Q. Is it possible to be guilty of being rude when you absolutely can't help it?
Let me give you some examples.
The first has to do with an incident in which everybody treated me as if I had made some terrible error, but I only reacted natually. It was at a party, and I was sitting in a leather chair with steel arms.
A woman I'd been talking to in the buffet line took the seat next to me, in another chair just like mine. She drew the chair up exactly next to mine, pining my arm between the two steel beams.
It hurt like crazy, and I screamed. She then said stupidly, "Did I hurt you?" and of course I said yes.
How it got to seem like my fault, I don't know, but I saw people glaring at me and shooting her sympathetic looks as I rubbed my arm.
I can tell you other examples: On a train once, someone put a suitcase down on my foot, and I have been hit in the face on the bus by the swinging purse of a standing woman. Each time, I have cried out in pain before I even thought about it.
The party incident bothers me, however. What should I have done? After all, I didn't decide to yell; I just did.
A. Natural instinct only excuses you so much in polite society. Etiquette, after all, is the imposition of civilized behavior over the chaos of instinct.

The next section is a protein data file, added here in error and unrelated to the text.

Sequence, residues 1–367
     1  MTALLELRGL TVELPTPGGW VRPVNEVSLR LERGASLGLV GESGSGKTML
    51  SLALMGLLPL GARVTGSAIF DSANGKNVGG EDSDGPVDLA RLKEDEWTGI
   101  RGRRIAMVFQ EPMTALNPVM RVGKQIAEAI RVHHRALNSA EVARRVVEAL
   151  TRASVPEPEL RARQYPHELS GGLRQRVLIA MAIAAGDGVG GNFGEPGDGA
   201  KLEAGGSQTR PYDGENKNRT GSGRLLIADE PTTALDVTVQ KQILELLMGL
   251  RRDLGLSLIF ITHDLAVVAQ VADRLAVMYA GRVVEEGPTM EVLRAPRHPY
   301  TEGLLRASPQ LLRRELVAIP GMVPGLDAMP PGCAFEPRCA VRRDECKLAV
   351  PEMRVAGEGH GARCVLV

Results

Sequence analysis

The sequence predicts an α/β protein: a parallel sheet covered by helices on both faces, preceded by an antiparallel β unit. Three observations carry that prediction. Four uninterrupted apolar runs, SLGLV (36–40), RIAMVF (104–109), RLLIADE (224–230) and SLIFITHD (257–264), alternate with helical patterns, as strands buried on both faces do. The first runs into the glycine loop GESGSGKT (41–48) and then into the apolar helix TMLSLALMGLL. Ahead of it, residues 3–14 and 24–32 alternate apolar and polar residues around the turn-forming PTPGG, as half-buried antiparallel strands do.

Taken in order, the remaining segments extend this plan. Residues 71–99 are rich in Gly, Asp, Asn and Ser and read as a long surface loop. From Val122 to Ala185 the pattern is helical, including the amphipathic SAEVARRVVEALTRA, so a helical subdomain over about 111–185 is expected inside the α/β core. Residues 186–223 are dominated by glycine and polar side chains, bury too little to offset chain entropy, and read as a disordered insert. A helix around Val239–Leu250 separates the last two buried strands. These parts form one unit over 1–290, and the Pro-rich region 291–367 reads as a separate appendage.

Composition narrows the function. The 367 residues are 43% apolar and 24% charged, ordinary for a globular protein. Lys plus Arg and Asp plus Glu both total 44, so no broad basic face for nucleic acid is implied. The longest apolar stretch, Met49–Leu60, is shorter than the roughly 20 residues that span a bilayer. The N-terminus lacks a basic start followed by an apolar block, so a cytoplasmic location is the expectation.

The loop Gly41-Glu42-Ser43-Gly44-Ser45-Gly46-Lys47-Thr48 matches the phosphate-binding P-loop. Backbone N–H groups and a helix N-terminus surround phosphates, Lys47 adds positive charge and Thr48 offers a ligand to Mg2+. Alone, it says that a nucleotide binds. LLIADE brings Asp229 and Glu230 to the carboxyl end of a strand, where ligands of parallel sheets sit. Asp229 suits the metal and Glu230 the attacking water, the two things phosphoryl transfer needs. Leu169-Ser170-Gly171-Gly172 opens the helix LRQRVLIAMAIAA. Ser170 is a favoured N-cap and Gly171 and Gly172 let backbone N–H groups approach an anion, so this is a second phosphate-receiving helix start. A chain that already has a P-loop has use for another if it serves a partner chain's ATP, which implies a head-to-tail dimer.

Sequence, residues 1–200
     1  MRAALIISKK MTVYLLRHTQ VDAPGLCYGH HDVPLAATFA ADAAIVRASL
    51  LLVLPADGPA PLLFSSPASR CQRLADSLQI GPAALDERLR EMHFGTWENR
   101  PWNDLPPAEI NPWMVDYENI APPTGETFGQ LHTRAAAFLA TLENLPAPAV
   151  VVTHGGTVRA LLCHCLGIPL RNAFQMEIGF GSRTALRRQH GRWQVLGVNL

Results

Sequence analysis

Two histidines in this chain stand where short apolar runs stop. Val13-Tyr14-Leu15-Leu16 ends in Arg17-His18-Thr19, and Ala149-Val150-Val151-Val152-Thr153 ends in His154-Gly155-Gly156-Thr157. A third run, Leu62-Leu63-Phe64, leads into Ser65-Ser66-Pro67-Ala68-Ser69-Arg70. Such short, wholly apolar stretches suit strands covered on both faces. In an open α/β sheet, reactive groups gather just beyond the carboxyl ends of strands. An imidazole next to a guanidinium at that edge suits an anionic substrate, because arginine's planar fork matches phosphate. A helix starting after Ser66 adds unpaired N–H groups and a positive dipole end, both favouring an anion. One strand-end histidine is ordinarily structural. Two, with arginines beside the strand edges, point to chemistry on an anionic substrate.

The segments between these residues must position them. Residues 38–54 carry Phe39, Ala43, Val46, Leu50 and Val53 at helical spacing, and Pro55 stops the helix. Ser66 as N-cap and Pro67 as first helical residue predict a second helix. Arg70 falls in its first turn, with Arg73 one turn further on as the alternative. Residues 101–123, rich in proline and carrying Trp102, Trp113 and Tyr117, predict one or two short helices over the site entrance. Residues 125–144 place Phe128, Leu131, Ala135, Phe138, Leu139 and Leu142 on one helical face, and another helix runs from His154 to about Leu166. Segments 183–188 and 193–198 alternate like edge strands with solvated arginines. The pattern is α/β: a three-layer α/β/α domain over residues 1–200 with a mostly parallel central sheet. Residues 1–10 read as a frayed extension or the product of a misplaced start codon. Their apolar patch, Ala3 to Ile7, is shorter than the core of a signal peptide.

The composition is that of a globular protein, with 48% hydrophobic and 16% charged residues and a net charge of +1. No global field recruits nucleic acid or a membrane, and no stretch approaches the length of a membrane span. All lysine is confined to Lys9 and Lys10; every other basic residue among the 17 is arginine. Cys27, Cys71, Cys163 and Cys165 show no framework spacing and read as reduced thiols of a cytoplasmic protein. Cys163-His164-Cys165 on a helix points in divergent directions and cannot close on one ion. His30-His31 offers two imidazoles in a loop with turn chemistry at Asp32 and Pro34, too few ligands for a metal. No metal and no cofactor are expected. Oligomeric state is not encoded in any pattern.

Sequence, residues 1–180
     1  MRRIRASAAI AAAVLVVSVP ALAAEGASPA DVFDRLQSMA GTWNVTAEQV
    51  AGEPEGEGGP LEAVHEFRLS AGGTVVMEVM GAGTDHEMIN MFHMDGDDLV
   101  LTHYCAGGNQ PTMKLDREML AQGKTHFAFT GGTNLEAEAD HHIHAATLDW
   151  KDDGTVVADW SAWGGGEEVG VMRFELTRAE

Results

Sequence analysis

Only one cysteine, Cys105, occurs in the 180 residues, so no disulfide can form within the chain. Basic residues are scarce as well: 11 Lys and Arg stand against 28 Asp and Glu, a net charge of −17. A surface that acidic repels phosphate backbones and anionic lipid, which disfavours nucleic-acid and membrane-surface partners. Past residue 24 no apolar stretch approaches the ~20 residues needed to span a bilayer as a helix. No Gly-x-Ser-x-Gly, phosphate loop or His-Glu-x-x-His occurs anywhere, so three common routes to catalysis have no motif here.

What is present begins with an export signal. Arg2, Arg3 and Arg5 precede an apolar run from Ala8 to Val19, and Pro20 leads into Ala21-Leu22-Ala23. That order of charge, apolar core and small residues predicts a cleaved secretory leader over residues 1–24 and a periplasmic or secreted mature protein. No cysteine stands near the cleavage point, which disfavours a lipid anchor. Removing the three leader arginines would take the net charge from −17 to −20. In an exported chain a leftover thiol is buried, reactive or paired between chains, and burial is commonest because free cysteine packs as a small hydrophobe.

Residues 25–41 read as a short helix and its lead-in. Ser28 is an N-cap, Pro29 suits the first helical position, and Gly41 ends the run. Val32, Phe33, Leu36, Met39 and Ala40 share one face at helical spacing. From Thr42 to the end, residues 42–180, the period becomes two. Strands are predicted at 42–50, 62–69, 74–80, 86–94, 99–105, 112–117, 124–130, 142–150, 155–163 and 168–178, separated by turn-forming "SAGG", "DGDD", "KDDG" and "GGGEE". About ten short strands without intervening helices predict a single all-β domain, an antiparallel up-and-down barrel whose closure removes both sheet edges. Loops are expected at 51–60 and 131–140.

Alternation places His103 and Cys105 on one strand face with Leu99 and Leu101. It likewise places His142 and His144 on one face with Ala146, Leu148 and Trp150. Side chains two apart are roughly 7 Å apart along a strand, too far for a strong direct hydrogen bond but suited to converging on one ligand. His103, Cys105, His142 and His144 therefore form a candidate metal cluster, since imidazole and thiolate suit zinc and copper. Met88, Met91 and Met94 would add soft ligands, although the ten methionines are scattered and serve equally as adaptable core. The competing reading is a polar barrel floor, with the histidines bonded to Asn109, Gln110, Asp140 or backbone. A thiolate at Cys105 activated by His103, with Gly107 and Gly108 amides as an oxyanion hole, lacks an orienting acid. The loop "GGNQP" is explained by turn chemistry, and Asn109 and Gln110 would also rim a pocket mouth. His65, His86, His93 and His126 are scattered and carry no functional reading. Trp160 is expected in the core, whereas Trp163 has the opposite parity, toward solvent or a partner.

In society, we consider the motive: Icy politeness may be obviously motivated by the hope of inflicting insult, and should not be treated as if it were kindly meant. The reverse is that what might be an obvious insult is not taken as such if no offense was truly intended. Your acknowledging an injury when none was meant is as bad as swallowing an intended insult.
Granted that you could not help crying out, you must then reply to the stupid question by saying, "Oh, no, no, I'll be all right. I was just startled." The red mark will belie this, of course, but only makes you seem the more saintly in your forgiveness.
In any case, there's not much point in making the person remorseful when there is no way that person can repair the injury.
Miss Manners does acknowledge that the scream is helpful in obtaining the necessary apology. This apology is what should bring forth your denial. If none is forthcoming, you may leave the scream as your final remark.